When and Where to Get a Model for a Photoshoot and How Much to Pay

When you're getting into genres of photography that require working with models, navigating the landscape of who to hire, when to pay, and more can be a bit confusing. This great video will tell you exactly when you should pay for a model, when you should offer a trade, and where to find them.

Coming to you from Daniel Norton, this great video talks about the various situations you'll be faced with in which you'll need a model and when it's appropriate to go to an agency, when to use a friend, when to offer a trade, and more. As Norton mentions, one of the most important reasons to use an agency is that you'll have a backup if something goes wrong with the model you've hired. When you're working on a large set and there's a lot of money going to different pieces to bring the whole shoot together, it's risky to not have a backup of any single part of the shoot, and working with an agency ensures you'll have access to another model should anything happen. Check out the video above for more helpful information.

If you want to dive deeper into the business of photography, check out "Making Real Money: The Business of Commercial Photography!"

Lead image by Spencer Selover, used under Creative Commons.

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Blake Aghili's picture

Agreed. Same about Hair and Makeup team. I still feel it and even see it in final results when the hair stylist is doing hair just because it is a job for her vs when it is a job that she loves to be part of it.
Pretty much when I ask a stylist to be on my shoot and her first question is "how much?" vs "what's the concept? what ideas? etc"... I just go change my stylist and find someone that is enthusiast about the shoot.

Michelle Maani's picture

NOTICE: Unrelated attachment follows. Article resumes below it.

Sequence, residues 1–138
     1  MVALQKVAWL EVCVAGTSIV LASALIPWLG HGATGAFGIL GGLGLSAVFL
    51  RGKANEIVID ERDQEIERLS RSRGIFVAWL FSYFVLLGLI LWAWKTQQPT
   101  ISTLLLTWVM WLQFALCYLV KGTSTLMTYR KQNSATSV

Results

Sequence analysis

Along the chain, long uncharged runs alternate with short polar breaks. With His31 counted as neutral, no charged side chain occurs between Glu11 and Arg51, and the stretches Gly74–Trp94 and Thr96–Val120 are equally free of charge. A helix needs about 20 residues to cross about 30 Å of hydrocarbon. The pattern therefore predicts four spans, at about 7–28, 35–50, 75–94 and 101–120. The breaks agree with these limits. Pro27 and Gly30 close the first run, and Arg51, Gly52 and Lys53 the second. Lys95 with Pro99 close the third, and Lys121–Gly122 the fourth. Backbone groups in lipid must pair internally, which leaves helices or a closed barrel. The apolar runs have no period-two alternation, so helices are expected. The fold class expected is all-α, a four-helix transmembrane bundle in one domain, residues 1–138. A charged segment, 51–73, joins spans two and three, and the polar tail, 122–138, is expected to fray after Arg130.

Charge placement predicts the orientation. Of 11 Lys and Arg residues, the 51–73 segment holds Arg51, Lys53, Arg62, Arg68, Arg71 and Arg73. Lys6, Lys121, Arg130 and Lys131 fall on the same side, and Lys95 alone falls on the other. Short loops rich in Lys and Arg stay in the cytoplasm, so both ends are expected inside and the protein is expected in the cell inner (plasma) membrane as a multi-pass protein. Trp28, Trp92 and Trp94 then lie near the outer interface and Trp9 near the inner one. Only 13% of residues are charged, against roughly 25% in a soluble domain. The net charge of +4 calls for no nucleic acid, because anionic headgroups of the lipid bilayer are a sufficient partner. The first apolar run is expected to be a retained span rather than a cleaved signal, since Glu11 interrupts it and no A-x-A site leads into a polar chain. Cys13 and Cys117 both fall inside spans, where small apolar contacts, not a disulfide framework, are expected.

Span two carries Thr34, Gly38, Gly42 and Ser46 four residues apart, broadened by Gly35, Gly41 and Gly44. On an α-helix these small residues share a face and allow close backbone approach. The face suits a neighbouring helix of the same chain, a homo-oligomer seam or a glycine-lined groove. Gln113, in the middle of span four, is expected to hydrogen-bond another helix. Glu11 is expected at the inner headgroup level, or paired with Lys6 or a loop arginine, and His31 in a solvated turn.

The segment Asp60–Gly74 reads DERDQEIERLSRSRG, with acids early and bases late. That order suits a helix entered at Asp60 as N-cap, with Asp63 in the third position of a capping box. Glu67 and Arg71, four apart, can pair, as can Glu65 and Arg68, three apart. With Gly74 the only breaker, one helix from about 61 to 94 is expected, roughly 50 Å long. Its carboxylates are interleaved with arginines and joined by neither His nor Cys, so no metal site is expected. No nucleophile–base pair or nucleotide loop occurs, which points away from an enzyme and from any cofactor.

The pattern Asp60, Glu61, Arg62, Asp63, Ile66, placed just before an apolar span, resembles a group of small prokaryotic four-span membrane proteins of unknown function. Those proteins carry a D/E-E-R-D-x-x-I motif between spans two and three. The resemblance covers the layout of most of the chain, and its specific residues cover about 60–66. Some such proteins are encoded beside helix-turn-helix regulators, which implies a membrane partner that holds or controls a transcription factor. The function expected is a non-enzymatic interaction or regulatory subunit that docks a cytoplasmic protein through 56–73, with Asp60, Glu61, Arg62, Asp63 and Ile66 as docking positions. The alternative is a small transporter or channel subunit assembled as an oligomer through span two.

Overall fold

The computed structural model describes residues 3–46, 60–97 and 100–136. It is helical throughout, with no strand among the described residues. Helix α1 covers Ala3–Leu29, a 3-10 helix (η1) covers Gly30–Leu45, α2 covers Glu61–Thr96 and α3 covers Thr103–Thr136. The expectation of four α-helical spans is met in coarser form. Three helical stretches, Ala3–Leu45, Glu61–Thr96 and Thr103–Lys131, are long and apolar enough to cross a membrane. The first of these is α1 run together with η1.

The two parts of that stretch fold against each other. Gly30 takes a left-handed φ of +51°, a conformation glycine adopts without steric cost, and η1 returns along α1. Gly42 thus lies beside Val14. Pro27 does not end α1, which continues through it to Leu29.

What's in if for them? You sound as if you think your work is so fabulous everyone should be tripping over themselves for the opportunity to give away their labor for you.

Johnny Rico's picture

Mark it up, unless your time is free.

Dan Howell's picture

unless you are shooting stock...
unless you are shooting flat fee...
unless you are shooting editorial submission...

Dan Howell's picture

There are few, if any, absolutes in photography. Taking the lens cap off prior to exposure is the only one I can think of.

While it has been more often the case in my 20+ years shooting professionally for publication that the standard convention of working with agency models billed to the client, I can think of literally dozens, if not hundreds, of paid, professional, published photoshoots I have completed that fell outside of those strict parameters.

I'm assuming that you are pushing back because you simply haven't had those experiences. I've have more than enough to point out that these are common and valid exceptions and they are becoming even moreso. If you can't see that, it is because you are not looking.

Dan Howell's picture

so just let me get this straight...you are saying
-that literally hundreds, if not 1000+, stock shooters are using agency models? That's just flat out inaccurate. Few agencies allow their models to work on stock shoots. Exactly who would they be submitting those invoices to?
-that editorial submission shoots are handing a client an invoice when they haven't even accepted a shoot? also just inaccurate.
-that there haven't been numerous catalog shoots booked on a flat fee basis? many just are, sorry to burst your rigid bubble.

Those are three quite legitimate exceptions to the paradigm of client booking and paying for models. Again, while many of my projects are booked that way, I have worked on many, many professional shoots that weren't. The video even mentions others. Some clients, maybe only small ones, want to deal with one producer and get one invoice. Some photographers fill that roll nicely. Other clients rely on the experiences and resources of working photographers which includes relationships with agencies.

Your original statement 'sole responsibility of the client' is just flatly inaccurate. I'd think in 40 years of shooting, you would have gained the knowledge to realize that.

John Dawson's picture

Don't shoot models and you've amputated the problem. :-)